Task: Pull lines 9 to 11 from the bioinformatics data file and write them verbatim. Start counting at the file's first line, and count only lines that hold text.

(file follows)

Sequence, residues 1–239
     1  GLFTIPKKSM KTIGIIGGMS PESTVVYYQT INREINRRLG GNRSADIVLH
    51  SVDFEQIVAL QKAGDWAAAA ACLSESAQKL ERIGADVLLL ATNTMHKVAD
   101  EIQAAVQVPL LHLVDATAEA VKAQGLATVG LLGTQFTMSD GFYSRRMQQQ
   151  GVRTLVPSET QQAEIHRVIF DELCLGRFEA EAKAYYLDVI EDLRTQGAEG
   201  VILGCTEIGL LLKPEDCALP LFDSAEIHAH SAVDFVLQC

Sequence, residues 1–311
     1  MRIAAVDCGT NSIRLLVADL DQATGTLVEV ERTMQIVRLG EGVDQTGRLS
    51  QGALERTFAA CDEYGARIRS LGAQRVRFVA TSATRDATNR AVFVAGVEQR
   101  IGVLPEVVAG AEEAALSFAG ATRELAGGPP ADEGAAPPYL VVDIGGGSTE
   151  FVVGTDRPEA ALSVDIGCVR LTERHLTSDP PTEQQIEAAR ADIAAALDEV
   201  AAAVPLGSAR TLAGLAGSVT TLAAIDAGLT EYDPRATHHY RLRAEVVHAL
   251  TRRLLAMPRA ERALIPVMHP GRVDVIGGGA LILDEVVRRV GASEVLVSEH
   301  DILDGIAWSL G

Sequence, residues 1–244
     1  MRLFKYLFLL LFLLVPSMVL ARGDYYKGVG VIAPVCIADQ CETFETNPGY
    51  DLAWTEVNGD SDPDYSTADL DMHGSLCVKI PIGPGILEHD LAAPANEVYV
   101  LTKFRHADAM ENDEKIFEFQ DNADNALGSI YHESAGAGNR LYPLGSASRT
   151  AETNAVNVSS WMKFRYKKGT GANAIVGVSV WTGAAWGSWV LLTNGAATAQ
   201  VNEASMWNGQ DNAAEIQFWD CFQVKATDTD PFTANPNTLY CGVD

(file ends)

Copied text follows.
    51  QGALERTFAA CDEYGARIRS LGAQRVRFVA TSATRDATNR AVFVAGVEQR
   101  IGVLPEVVAG AEEAALSFAG ATRELAGGPP ADEGAAPPYL VVDIGGGSTE
   151  FVVGTDRPEA ALSVDIGCVR LTERHLTSDP PTEQQIEAAR ADIAAALDEV